I think I have found a gap in the app market - I could not find one app that fulfilled my needs for August!

As I mentioned last month, I wanted some pretty simple reminders around focusing on my health at work - standing up more, drinking water, not getting distracted by my chat tools… kinda basic stuff that we could all use yes?

In my search, I found apps that suggested embarrassing exercises to do at my desk, apps with annoying buzzers as reminders, and nothing that had all the basic office hygiene stuff I wanted.

I settled on Momentum, a habit tracker that worked ok … but I ended up ditching it about a week in.

In general, I definitely stood up more during office hours and even broached one of the standing desks at my work. But maybe it’s time for me to take care of the office health app market…

Would that be something you readers would use?

Complete an early spring clean

I did pretty well on this one - decluttering a scary wardrobe of my house, and even attacking the area under my bed that had been gathering random magazines, online shopping packaging and cat toys for the last three years.

It’s all about mindset when we go into these less than fun tasks.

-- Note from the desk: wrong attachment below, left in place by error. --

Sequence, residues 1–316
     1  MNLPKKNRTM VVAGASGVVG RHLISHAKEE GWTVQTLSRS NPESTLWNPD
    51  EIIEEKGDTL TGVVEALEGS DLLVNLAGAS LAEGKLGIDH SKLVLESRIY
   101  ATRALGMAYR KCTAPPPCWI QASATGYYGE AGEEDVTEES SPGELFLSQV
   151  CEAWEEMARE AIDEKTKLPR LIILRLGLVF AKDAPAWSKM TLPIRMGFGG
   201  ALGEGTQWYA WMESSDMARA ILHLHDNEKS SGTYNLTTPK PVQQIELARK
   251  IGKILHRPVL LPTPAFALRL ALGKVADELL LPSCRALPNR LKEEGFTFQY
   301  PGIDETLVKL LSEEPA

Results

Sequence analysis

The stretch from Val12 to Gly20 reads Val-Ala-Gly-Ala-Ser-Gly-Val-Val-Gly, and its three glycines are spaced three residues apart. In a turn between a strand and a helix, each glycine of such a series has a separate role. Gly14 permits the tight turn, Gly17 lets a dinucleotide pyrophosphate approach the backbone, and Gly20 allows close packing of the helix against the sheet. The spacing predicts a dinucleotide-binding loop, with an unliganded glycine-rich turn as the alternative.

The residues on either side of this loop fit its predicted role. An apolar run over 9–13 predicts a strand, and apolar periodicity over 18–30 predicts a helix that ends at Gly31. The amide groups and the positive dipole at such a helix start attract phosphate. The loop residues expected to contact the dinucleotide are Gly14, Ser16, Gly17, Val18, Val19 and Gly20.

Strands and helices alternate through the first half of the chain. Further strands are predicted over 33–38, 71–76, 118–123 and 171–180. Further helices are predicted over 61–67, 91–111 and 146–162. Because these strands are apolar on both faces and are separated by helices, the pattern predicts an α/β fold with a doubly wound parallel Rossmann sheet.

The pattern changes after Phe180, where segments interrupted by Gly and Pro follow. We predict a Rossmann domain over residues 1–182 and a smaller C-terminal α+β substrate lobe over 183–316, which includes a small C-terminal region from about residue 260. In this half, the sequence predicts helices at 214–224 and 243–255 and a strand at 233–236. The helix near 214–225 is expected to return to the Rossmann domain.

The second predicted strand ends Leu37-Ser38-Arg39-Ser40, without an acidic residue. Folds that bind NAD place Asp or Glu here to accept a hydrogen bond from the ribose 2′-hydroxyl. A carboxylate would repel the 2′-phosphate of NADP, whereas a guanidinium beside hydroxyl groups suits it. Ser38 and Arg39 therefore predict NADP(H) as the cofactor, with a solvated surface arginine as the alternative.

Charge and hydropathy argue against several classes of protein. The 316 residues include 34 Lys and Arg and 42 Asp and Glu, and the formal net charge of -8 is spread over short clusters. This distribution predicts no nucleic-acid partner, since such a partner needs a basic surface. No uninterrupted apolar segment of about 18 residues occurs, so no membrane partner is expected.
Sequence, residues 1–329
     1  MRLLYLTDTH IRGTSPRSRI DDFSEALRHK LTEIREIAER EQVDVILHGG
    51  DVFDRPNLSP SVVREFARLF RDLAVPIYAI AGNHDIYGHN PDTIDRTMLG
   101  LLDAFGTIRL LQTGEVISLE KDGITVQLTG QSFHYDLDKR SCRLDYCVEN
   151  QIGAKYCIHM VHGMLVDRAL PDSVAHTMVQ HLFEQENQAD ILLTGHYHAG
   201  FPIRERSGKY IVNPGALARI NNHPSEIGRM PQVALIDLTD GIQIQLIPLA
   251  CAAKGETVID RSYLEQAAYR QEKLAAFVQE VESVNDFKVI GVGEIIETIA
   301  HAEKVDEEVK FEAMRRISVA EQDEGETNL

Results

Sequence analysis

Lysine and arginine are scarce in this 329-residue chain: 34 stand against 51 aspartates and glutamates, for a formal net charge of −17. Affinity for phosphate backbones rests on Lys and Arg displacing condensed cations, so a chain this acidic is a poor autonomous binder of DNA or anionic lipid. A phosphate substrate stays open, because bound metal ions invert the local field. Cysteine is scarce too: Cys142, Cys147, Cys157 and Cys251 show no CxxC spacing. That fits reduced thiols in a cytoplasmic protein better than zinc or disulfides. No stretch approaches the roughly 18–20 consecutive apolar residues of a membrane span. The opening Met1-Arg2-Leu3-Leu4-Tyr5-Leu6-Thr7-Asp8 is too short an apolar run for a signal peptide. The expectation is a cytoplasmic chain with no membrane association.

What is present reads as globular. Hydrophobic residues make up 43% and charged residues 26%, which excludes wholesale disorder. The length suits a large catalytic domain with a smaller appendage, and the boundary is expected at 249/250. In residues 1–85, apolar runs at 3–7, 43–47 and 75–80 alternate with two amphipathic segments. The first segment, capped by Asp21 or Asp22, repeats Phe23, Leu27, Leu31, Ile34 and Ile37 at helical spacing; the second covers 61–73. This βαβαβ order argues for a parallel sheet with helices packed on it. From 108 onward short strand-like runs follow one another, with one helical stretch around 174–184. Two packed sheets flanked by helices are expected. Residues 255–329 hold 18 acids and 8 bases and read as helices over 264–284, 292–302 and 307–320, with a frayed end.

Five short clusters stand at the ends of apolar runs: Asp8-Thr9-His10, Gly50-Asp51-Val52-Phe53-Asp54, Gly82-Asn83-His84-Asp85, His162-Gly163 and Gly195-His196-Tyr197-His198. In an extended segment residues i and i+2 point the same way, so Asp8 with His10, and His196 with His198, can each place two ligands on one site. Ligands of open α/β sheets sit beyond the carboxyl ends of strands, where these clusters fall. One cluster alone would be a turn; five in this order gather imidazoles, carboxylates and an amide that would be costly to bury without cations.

I can’t stress enough how much easier it is if you’re in alignment - rather than trudging in disgruntled, I would plug a podcast in, get in some comfy clothes, set up a system for keeping/donating/throwing away and work methodically through everything.

I hope this approach helps if you’re planning a spring clean soon too.

September Intentions

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Start regular Pilates practice

I’m pretty consistent with my exercise and have been for many years, but lately the gym has not been doing it for me - I’ve been doing some of the same routines for a while and feel like I’m ready for a change.

After dabbling in Pilates over the last few months and feeling both strong and stretched out after each class, I’m ready to be more consistent here.